The scrapbook version of our lives

Last week a cousin of mine (through marriage) lost his dad. I saw the notice in the Globe and Mail. Good thing, because I wouldn’t have known otherwise. Made me think back, to announcementswhen I was a kid.

My mother used to read the Obits every single morning. Never missed. When she saw a familiar name, she’d get on the phone and call my aunts and my grandmother. Sometimes, even friends who knew the deceased. I can still hear the conversations, all these years later.

It drove me insane. I used to tell her it was macabre. Ghoulish. Gross. A miserable start to an otherwise nice day. It almost felt like prying, because for the most part she didn’t even know who these people were.

And then she’d tell me it was important. “I have to know”, she’d always say, “so I can send a sympathy

card or a donation or go to the funeral or the shiva (the week-long mourning period observed by Jews).

Of course she didn’t draw the line at death announcements. She also read all the engagement, wedding and birth announcements. And then the phone calls would start again.

“Guess who’s getting married, guess who had a baby, guess who died.” My mother, the town crier. It was a running battle/joke between us.

Now I’m doing the same thing. Well, we don’t have wedding announcements in our daily newspapers anymore. At least not in the one I read. But I do read them in the Sunday New York Times. Why, God only knows. What are the chances I’m gonna know any of those people?

Slim and nil.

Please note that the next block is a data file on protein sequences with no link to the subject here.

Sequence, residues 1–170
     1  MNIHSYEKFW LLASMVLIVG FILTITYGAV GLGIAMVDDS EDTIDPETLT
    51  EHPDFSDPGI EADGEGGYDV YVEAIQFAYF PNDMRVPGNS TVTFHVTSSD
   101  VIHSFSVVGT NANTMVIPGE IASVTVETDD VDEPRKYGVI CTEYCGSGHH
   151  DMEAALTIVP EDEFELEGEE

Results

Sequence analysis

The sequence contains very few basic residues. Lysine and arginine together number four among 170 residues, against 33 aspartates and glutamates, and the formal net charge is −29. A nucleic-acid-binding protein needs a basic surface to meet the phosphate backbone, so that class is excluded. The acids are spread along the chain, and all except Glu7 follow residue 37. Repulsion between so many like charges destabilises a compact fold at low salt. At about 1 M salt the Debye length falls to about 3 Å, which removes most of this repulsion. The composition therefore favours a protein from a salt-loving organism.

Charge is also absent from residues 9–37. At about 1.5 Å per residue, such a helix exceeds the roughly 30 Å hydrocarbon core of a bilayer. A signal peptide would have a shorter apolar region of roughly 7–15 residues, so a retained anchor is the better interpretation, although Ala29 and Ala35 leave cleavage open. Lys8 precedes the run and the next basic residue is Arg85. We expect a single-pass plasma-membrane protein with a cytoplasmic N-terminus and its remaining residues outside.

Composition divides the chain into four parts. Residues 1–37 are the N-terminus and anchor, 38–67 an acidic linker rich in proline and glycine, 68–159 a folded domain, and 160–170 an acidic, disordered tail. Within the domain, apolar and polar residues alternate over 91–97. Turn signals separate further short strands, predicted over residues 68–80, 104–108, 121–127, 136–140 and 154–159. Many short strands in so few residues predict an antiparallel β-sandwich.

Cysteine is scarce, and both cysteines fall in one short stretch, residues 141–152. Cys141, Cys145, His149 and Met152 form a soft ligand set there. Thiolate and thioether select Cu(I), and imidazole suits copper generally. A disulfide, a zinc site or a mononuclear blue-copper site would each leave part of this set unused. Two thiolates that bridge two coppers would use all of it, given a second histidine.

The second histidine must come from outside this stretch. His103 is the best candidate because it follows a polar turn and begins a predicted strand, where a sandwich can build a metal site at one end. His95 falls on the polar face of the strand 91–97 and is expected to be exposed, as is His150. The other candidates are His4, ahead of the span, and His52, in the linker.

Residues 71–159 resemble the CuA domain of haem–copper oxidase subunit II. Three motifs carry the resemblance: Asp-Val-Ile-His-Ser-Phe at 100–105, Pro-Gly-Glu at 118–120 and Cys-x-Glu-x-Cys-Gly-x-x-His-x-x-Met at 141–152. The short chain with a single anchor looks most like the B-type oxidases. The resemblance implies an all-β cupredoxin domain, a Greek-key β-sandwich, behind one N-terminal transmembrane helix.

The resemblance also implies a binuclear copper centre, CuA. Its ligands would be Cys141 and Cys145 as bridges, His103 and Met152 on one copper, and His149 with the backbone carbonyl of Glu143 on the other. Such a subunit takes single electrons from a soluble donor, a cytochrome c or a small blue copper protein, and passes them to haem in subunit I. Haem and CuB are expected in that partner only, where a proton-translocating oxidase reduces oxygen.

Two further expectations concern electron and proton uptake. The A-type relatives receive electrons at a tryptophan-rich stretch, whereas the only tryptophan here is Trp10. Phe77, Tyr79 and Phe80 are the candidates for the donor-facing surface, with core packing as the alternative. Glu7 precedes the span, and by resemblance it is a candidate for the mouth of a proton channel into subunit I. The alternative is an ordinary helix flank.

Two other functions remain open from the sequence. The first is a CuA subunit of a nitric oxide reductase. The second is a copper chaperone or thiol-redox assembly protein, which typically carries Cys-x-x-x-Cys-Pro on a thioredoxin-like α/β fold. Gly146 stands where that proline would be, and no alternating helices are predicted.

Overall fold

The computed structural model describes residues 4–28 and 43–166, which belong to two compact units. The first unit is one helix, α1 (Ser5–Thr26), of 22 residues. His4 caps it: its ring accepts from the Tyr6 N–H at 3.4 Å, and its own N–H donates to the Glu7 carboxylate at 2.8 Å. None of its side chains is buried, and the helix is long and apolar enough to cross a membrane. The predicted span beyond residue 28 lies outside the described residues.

I still do it, though. Silly, isn’t it.

But it’s the Obits, I’m referring to. Just like my mother, I read them every morning. I started doing it after she died. Until then if there was anything I needed to know, she told me.

Funny how now, all of a sudden, I understand what she was talking about all those years ago. It seems, without my noticing, I am now ‘of an age’ where people I know are losing parents, siblings, spouses and, in some cases, they’re dying themselves. Albeit too soon, but nonetheless, it’s information I have to know, so I can acknowledge it. Sorry, Ma, I get it now. And just imagine how awful I would have felt if I hadn’t known about my cousin’s father and hadn’t, therefore, been able to extend my sympathy.

Wouldn’t have been very nice, to be honest.

Only difference between me and my mother is, I don’t immediately call everyone I know. Although in the case of my cousin’s father I did text a cousin of mine, to let her know.  See. It is important to read the damn notices.

All of which has gotten me thinking. Our lives, or at least the major milestones in our lives, are reduced to 5 or 6-line notices in our local newspapers — sometimes with a photo and sometimes without. When we’re born. When we become engaged. When we get married. When we die.

A series of black and white clippings that tell the world we were here.

We are. We were.  We are no more.

That’s what it’s reduced to.

Or not.

Because now we have status updates on Facebook. Where we can report and share every second of our lives. Even those, quite frankly, we’d be much better off keeping to ourselves. Which is a whole other conversation. Or blog post.

So what about you? Are you also a closet announcement notice reader, who’s ready to join me in the confessional?

 

 

 

16 thoughts on “The scrapbook version of our lives